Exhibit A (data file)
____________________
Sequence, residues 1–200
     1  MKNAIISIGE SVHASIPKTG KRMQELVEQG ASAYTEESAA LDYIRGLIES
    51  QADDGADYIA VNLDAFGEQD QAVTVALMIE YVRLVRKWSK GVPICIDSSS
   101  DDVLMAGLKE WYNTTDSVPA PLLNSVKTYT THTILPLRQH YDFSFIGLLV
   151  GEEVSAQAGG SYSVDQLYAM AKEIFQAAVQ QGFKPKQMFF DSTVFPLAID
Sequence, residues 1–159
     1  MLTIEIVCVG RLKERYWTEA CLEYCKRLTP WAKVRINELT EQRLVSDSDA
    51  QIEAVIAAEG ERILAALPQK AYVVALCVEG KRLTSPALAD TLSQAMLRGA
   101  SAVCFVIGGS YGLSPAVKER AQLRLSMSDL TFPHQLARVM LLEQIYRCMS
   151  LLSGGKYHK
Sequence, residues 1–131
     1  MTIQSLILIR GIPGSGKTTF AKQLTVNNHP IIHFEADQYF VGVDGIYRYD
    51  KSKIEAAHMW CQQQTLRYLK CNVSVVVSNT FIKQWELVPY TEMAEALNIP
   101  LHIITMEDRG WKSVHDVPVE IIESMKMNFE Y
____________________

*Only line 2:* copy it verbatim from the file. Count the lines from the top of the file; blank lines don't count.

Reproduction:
     1  MKNAIISIGE SVHASIPKTG KRMQELVEQG ASAYTEESAA LDYIRGLIES